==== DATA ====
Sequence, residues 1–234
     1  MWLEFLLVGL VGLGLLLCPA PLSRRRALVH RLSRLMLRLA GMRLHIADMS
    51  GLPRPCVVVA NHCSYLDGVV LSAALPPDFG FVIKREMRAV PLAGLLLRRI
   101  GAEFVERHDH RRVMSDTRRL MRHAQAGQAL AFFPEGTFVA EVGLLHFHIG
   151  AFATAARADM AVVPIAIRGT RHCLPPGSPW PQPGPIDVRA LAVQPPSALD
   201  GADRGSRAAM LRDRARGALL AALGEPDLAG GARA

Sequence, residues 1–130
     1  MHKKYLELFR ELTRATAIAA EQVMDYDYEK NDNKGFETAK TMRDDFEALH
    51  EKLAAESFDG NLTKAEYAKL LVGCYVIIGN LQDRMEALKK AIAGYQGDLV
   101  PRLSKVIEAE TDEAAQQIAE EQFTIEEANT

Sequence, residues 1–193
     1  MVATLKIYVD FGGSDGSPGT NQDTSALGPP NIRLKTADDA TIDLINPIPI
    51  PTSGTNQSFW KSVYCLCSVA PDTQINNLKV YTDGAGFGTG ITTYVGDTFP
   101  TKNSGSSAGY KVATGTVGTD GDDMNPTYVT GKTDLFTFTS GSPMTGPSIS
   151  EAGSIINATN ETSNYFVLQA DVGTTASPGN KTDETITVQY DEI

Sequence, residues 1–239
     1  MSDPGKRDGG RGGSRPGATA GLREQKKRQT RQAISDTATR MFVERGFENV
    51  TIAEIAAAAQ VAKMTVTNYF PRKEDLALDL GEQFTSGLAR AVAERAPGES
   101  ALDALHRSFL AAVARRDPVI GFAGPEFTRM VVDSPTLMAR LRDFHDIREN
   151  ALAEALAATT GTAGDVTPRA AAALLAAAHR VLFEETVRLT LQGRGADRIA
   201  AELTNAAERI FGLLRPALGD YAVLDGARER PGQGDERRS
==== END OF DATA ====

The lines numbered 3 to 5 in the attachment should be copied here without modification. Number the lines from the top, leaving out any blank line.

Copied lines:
    51  GLPRPCVVVA NHCSYLDGVV LSAALPPDFG FVIKREMRAV PLAGLLLRRI
   101  GAEFVERHDH RRVMSDTRRL MRHAQAGQAL AFFPEGTFVA EVGLLHFHIG
   151  AFATAARADM AVVPIAIRGT RHCLPPGSPW PQPGPIDVRA LAVQPPSALD